We demonstrate that three different human PcG components (RING1, BMI1 and hPc2) remain chromatin-associated near centromeric regions throughout all stages of mitosis, and that around the prometaphase/metaphase stage of the mitotic cycle, the PcG complex appears to redistribute so that each chromatid contains bound PcG complex. We also observe a similar PcG complex-mitotic chromatin association in U2-OS cells that contained numerous PcG bodies, suggesting that the maintenance of chromosome-bound PcG complexes during mitosis is not limited to 2C4 cells. Furthermore, murine Pc (M33) and Bmi-1 have also been localized to metaphase chromosomes (Wang et al., 1997). More recently, it was estimated that between 5 and 7% of three PcG proteins (PC, PSC and PH) are bound to metaphase chromosomes in developing Drosophila embryos (Buchenau et al., 1998). One interpretation of these observations is that by maintaining chromosome-associated PcG complexes during mitosis, the proteins constituting PcG bodies are ensured to be inherited by successive cell generations, thus providing the daughter cells with the necessary components for maintaining gene expression patterns. Although this is speculative, it will be important to determine whether the association of PcG complexes with mitotic chromosomes is an important feature of overall PcG function.
What are the Functional Implications of Human PcG–Heterochromatin Association?
The observation that the human PcG complex associates directly with pericentromeric heterochromatin in a number of different cultured cell lines is intriguing and suggestive. Here we provide direct evidence for mammalian PcG association with specific and related DNA sequences found pericentromeric on a number of different chromosomes in three different human cell lines, as well as an association close to centromeres in one normal primary cell line. Support for these observations comes from other studies, including the report of murine Pc homologue M33 bound to pericentromeric regions on metaphase chromosomes (Wang et al., 1997), and also from more recent data on PcG protein distribution in developing Drosophila embryos (Buchenau et al., 1998). In the study by Buchenau and coworkers, one PcG protein PSC is often localized as a cluster of spots that are very near to or partially overlapping with centromeric heterochromatin in interphase nuclei (Buchenau et al., 1998). These observations are similar to those reported here for RING1 staining in primary cultured embryonic fibroblasts, showing RING1 clustered as small dots in the proximity of kinetochores (see Fig. 3 c). Given that the observations for PSC are in full Drosophila embryos and not cultured cells, there is now direct evidence for at least one PcG component associating with centromeric heterochromatin in interphase nuclei in a developing organism. However, what determines the specificity for PcG proteins at centromeric regions in Drosophila (Buchenau et al., 1998) and mouse cells (Wang et al., 1997) is not known since satellite 2 sequences do not exist in these organisms.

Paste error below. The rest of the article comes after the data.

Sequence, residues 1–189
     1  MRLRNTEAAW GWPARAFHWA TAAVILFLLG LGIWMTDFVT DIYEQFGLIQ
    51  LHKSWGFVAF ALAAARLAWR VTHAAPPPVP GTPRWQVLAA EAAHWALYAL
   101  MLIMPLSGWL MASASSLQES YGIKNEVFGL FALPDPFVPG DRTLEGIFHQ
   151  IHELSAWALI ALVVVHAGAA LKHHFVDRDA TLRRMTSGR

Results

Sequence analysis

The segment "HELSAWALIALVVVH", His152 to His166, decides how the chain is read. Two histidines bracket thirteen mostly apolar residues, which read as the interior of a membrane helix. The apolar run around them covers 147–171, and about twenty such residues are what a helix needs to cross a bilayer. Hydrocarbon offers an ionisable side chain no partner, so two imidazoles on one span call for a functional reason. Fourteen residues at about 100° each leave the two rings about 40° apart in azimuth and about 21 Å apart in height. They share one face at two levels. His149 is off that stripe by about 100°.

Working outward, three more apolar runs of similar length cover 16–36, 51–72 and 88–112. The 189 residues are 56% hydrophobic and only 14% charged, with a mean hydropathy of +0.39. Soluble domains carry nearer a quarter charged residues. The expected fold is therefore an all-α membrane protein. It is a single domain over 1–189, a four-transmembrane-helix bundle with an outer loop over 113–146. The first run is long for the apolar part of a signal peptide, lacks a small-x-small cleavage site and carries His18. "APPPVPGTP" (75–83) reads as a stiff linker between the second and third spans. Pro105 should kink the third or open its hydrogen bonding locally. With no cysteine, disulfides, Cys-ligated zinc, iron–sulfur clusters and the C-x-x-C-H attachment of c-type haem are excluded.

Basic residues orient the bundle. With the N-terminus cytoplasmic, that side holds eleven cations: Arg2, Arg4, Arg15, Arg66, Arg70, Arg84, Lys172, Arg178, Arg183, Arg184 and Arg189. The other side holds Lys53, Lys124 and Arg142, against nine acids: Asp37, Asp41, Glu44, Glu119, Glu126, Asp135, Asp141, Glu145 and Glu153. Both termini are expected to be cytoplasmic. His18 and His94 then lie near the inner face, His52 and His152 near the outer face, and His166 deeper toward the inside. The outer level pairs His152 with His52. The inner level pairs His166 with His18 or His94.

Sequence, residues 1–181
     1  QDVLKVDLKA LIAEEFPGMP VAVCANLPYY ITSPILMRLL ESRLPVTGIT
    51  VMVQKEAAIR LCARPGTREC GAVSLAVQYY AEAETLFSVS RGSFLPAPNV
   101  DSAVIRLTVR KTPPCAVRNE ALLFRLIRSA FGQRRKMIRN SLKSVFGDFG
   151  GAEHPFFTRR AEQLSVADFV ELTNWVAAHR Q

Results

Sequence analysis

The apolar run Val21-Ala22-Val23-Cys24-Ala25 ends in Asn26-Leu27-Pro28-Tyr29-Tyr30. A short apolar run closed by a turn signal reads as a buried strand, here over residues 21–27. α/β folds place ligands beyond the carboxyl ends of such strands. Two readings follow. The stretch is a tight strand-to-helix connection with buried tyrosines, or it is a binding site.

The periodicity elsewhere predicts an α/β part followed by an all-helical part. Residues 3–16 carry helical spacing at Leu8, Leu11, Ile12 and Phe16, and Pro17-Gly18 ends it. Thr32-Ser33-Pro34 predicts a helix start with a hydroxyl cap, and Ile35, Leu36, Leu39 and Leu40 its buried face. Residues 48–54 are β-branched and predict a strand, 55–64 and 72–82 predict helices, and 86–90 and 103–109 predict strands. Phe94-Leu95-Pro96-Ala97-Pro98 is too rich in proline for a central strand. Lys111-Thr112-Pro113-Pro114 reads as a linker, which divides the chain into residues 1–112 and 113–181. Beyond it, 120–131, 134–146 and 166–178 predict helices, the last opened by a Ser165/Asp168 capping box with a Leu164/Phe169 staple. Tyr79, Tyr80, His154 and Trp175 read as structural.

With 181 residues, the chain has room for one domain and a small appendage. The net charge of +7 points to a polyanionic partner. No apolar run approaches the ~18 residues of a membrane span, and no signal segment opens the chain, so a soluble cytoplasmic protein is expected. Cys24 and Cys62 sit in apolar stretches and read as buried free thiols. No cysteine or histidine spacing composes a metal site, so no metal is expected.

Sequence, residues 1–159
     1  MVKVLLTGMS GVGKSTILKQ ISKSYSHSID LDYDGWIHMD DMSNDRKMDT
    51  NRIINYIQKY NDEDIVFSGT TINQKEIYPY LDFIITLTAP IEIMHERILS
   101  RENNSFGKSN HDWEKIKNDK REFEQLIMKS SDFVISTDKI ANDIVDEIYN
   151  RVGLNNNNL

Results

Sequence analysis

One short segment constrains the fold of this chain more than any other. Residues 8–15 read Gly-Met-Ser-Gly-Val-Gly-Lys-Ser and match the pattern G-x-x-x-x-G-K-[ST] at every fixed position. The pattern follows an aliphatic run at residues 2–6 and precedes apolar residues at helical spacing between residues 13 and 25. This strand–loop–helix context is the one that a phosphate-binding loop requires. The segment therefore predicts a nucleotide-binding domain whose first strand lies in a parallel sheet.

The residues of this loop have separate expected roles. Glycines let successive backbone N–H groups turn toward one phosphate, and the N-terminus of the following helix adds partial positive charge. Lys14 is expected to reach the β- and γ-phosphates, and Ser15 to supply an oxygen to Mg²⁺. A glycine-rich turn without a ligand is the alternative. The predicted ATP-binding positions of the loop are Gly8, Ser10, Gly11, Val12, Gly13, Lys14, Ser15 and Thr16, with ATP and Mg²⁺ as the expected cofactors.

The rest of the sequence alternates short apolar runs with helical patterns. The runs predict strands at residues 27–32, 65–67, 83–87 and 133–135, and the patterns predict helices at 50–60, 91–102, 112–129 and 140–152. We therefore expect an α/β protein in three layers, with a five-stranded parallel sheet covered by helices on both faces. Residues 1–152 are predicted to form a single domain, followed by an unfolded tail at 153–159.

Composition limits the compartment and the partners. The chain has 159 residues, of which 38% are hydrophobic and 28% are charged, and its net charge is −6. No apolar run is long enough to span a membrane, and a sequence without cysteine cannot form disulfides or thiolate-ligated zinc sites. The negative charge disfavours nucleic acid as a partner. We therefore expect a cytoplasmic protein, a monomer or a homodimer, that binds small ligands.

What would be the functional significance for such an association? There are a number of possible interpretations, none of which have any direct experimental evidence to date, and all are thus purely speculative.
Firstly, the PcG bodies described in this study could represent storage domains where surplus PcG proteins are stored until required by the cell. Indeed, if PcG bodies are used in this way, then the fidelity of segregation of the complex during mitosis represents a way for the cell to redistribute evenly essential repression components required for immediate transcriptional repression after cell division. Recent studies on GAGA factor, a known transcriptional activator that counteracts chromatin-induced repression and is responsible for heterochromatin decondensation (Farkas et al., 1994), are of interest in this context. GAGA factor and trithorax (trx) have been shown to colocalize with Pc at PcG/trxG-regulated regions on Drosophila chromosomes (Chinwalla et al., 1995; Strutt et al., 1997). GAGA factor has also been shown to localize to areas of heterochromatin in centromeric regions of chromosomes from Drosophila embryos and cells in culture (Raff et al., 1994). More surprisingly, however, is the observation that GAGA factor remains associated to centromeric regions during mitosis (Raff et al., 1994), but appears to be relocalized to euchromatic binding sites after cell division (Platero et al., 1998). A similar redistribution from heterochromatin to euchromatin has also been observed for the Drosophila gene regulatory protein PROD (Platero et al., 1998; Török et al., 1997). Thus, GAGA factor and PROD appear to have some cytological similarity with the human PcG complex reported here in that they bind heterochromatin during mitosis.